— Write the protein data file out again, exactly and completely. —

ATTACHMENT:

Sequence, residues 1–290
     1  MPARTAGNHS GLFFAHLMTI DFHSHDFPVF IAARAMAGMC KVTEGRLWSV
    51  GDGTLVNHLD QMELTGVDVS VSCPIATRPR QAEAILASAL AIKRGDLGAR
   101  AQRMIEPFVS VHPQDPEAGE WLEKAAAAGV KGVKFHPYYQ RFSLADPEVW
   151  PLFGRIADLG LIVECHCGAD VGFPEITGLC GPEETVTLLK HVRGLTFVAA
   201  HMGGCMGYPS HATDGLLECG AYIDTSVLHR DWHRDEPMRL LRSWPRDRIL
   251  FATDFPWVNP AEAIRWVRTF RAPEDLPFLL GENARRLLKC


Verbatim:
Sequence, residues 1–290
     1  MPARTAGNHS GLFFAHLMTI DFHSHDFPVF IAARAMAGMC KVTEGRLWSV
    51  GDGTLVNHLD QMELTGVDVS VSCPIATRPR QAEAILASAL AIKRGDLGAR
   101  AQRMIEPFVS VHPQDPEAGE WLEKAAAAGV KGVKFHPYYQ RFSLADPEVW
   151  PLFGRIADLG LIVECHCGAD VGFPEITGLC GPEETVTLLK HVRGLTFVAA
   201  HMGGCMGYPS HATDGLLECG AYIDTSVLHR DWHRDEPMRL LRSWPRDRIL
   251  FATDFPWVNP AEAIRWVRTF RAPEDLPFLL GENARRLLKC